Mrs M writes from New York to ask whether the great gardener (but perhaps in this context he might be better described as an earth-mover) Capability Brown might be compared to the American land artists on the fourth quarter of the 20th century. She had in mind James Turell’s Roden Crater, Robert Smithson’s Spiral Jetty, and Michael Heizer’s City in particular. All of these, if you are not familiar with them, are colossal modifications of landscape at a colossal scale, and to these one might add more modest and more recent British examples such as Kim Wilkie at Heveningham and Boughton, Charles Jencks at the Garden of Cosmic Speculation, Crawick Multiverse and so on.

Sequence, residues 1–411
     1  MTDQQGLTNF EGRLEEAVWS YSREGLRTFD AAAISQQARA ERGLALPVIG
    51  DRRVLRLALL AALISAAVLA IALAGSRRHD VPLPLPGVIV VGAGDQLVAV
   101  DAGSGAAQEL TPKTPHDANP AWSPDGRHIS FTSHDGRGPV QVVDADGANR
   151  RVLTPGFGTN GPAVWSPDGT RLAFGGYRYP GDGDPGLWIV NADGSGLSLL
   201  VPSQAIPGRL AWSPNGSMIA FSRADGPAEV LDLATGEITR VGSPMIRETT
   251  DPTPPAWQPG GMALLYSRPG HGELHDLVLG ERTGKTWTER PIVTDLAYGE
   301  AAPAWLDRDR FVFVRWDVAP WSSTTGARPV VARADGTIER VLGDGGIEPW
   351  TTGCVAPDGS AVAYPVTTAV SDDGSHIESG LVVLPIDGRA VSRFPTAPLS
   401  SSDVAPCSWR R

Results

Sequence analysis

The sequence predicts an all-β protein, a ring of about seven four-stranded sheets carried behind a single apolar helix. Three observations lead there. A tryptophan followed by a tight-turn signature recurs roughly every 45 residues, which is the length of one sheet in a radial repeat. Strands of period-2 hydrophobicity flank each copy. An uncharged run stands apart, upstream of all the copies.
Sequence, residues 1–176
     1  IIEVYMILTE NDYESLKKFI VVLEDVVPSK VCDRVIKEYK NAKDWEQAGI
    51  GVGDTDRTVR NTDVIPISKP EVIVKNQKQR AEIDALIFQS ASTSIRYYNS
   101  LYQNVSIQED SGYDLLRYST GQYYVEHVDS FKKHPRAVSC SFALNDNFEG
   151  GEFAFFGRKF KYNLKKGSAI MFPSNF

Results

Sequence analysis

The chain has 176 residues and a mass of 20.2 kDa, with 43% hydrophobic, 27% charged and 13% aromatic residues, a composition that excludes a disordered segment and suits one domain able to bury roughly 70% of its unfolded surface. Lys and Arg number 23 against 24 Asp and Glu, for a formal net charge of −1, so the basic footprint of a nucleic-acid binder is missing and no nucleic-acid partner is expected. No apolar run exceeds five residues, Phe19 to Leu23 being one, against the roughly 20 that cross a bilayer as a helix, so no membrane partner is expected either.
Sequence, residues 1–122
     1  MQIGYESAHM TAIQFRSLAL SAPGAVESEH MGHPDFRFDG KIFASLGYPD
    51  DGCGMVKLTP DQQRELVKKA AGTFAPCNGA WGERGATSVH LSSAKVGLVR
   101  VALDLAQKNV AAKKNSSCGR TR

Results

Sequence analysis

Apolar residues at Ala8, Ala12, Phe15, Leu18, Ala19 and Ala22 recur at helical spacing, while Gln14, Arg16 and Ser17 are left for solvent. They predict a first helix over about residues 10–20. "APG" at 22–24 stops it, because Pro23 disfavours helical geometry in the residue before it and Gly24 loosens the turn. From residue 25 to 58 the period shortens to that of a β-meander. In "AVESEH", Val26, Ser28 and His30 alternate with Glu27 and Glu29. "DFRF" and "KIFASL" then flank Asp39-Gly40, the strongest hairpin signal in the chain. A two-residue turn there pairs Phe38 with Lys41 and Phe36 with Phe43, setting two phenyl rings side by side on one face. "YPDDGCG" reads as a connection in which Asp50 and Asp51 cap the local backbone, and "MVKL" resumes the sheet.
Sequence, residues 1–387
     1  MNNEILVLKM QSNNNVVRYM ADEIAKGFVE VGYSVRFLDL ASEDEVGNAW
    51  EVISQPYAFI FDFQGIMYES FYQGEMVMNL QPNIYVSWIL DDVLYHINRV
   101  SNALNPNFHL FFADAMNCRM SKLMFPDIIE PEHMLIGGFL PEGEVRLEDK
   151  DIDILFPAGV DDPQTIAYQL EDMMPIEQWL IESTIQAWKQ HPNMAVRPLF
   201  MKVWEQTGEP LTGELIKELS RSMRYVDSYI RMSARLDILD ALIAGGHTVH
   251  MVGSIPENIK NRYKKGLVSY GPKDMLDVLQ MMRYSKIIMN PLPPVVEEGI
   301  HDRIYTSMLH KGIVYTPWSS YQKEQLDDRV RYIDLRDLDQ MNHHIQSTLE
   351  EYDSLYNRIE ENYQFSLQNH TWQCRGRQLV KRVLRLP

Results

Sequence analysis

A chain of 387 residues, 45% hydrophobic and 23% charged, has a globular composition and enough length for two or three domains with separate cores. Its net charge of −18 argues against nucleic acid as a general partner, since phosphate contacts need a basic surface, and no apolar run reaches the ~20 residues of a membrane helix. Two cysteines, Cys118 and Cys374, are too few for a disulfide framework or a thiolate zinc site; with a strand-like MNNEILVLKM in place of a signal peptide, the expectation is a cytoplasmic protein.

What happens then when you stand these works up against Brown’s at Himley or Chatsworth for example, free of any historical context. The most obvious thing is that Brown’s is invisible. There are no obelisks, no ornaments, no evident omnipotence overhang this ‘ombre. The land artists are all male as it happens and are all for stamping their own artistic personality on the land, bursting into the saloon and  announcing that they’re in town and does anyone have a problem with that? – as for Brown, you have to look very hard to see anything at all, the swing-doors never move. So, in so far as he is the begetter of a great tradition – and he is – then it is the understated tradition of Andy Goldsworthy and Richard Long, two people who must hate to be grouped together, but whose work can be so quiet that if you blink you’ll miss it. This tradition is not orchestrated by drums and trumpets; it doesn’t even take electricity, it has some other kind of socket and a cable that plugs straight in to the heart.